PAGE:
Simon Woodroffe on Wheelman and beyond
Cinematic action-driving title Wheelman, the latest game to star Hollywood hero Vin Diesel, is set to hit stores today. With the game's release upon us, we sat down with Midway Newcastle designer Simon Woodroffe to talk candidly about the project and the future.
What was the biggest challenge you faced completing Wheelman?
Initially our goal was to create a cinematic car chase experience, so probably working out ways to make the whole game accessible was the biggest challenge. Going through the focus testing, making adjustments; that was the biggest achievement. We wanted to make a car game that non-car game fans can pick up and play, but with enough depth to appease racing fans, too. I think that was our biggest achievement. Technically, making the Unreal engine stream an open-world was a big challenge - there was a knock on - and we had to make a lot of design decisions as a result of it. Expanding, contracting, etc.
Producer Joe mentioned you did a lot of test reviews and feedback before completion. What did you learn from this?
I think we learned from focus testing that if you ask the wrong questions you get the wrong answers. I think you have to be very careful about the questions you ask. Generally, we discovered that the game was perhaps a little too easy. I think that's the easiest way to sum up the feedback. We plotted the difficulty, people's frustrations, and we balanced things more - altered the nature of the challenge. We made graphs and watched how people's experiences changed over the different iterations of the game.
Is the game harder now?
Oh, the game's harder than it was in the first focus tests. The first missions didn't change much, but the later missions - 70-80 per cent of them - were made 'more challenging' but not harder per se. This is a symptom of designers and developers over-compensating for their market's ability. We all like to think gamers aren't as good as the people making the games - but the gap isn't really as big as all that. When you're dealing with an accessible game like Wheelman, I think after a few hours the player is going to be 95 per cent as good as any of us would be.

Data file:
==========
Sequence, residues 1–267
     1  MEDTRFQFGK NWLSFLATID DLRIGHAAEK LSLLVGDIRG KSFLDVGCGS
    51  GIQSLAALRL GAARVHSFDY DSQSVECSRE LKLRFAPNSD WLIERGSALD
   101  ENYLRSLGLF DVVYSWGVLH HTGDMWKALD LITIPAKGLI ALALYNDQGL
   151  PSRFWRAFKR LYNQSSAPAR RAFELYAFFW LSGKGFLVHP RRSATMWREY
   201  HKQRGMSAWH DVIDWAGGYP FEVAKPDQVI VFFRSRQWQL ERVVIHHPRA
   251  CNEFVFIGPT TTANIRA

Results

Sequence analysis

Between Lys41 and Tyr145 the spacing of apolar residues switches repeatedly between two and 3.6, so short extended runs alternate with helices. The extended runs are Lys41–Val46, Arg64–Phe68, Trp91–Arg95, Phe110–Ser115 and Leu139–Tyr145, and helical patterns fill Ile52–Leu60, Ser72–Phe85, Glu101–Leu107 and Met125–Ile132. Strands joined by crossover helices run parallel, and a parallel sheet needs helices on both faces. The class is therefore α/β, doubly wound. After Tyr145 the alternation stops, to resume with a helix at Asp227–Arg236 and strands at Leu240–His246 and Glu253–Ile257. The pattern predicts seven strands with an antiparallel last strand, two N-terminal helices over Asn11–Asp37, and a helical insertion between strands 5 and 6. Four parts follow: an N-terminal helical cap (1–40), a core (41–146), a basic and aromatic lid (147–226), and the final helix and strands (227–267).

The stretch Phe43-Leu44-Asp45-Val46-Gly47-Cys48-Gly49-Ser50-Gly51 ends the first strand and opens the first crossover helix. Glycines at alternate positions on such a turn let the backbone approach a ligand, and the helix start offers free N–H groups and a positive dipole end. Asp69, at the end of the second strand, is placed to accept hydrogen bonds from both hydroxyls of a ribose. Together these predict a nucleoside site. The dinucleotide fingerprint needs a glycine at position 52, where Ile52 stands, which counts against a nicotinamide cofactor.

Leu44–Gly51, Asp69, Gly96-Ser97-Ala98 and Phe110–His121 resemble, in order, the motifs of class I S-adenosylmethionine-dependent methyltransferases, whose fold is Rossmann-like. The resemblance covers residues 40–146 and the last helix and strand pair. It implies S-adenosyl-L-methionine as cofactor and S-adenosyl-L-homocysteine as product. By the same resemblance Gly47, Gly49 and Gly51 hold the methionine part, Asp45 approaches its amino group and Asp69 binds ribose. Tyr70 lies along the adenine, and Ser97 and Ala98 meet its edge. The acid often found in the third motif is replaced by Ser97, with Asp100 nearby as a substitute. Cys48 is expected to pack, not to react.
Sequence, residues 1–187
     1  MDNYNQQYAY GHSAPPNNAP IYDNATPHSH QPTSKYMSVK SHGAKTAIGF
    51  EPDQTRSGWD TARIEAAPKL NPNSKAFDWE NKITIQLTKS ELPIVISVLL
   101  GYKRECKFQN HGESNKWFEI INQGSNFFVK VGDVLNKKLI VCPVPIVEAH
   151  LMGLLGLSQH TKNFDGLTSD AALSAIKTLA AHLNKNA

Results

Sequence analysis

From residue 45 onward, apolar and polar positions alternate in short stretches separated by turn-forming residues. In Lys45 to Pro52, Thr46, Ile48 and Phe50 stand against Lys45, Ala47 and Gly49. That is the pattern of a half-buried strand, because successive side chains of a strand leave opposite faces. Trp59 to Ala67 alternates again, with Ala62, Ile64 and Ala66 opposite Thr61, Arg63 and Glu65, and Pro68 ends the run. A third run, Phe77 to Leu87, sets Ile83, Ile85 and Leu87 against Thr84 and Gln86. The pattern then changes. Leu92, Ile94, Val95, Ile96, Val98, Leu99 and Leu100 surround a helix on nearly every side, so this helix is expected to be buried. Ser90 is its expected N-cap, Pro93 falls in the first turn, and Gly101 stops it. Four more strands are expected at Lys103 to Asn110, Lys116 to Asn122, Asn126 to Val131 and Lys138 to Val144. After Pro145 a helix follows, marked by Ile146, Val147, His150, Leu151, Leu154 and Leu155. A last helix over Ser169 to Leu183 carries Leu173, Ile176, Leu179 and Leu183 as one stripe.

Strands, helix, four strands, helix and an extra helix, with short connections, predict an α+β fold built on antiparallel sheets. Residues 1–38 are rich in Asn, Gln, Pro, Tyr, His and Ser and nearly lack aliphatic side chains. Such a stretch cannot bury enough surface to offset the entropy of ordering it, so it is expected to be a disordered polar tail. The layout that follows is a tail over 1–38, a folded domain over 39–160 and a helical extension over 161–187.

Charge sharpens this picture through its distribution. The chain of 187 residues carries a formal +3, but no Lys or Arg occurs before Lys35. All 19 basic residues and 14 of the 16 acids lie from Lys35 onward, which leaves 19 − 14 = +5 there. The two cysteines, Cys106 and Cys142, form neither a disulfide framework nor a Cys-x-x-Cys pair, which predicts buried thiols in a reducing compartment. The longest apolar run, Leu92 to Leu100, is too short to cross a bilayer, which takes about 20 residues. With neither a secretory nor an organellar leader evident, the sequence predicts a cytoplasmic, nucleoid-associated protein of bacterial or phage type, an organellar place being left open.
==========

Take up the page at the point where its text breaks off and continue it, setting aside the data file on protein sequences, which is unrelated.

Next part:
Was having Vin Diesel involved in the project a blessing or a curse?
I would have to say it was a blessing in most regards. He was very actively involved. He's a passionate gamer. That's true - he's that guy talking about games all the time - he's not faking it. If Vin Diesel could do what he wanted - which he probably can - he'd spend all his time playing games. That's the truth. From that point of view his feedback was from a gamers perspective. Talent from the movie industry don't often get the idea that games are interactive. They think they can bend and twist the story. In reality you need to consider that it is not a linear experience. Vin understands that. His high standards were interesting; they're very high. He wanted perfection.
Did Vin want anything you couldn't deliver?
He wanted some giant multiplayer stuff. That's part of his World of Warcraft thing. He wanted multiple people playing on the streets, and we wanted that as well, it just came down to time. We couldn't do a good enough job in the time, so we're saving that for whatever comes next. We tried it all out. It was fun with big maps, the melee combat, but it wasn't good enough. We built it all. We could have squeezed it in, but it would have cost elements of the singleplayer game to make it work; we felt that wasn't a good sacrifice.
What's Barcelona like as a setting?
Its a cool place. We wanted a non-US city. We didn't want an American dystopia. We wanted to get away from that. We wanted a European city, with a variety of road types, districts, etc. We wanted a globally familiar setting with lovely architecture. Athens and Rome were considered, but Barcelona stood out the most. I recommend the city highly!
Is your next project an open-world game, and are you lead designer?
Yes, and creative director for now... we're looking for a new designer... I'm not going to talk about it too much, but it will be open-world for sure, we need to build on the technology we've used in Wheelman.
Is Wheelman a stepping stone?
Yes, it is, our long term plan is to reach the point where we can be genuinely competitive with the big open-world games... the gorilla in the room! You can't do that in one iteration, you have to take steps. We'll build our skills gradually. Hopefully what we offer in Wheelman is something a bit different. We do some things better than anyone else in this game, and if you buy this, it'll help us make even better games in the future!
The game is being published by Ubisoft, was that a surprise?
Less of a surprise for me than for you guys! It was certainly something being discussed before Midway's other problems. They'll do a great job of bringing this game to market. Its a new IP. Ubisoft will deal with any negative connotations well. As a designer you want as many people as possible to play your game, if this helps that then great. They're a great company with quality products. We're honoured to be among Prince of Persia, Assassin's Creed, etc on their playlist.
The arrival of Ubisoft was vindication for our design decisions, it was really good that an external vote of confidence could come in. It helped us push on and finish the game.
Will more games be published by Ubisoft?
I have no idea how that will go at the moment, we're an open-world team, there aren't many of those. I hope we'll be able to make some games - hopefully for Midway - but we'll just have to see.
Thanks for your time, Simon.
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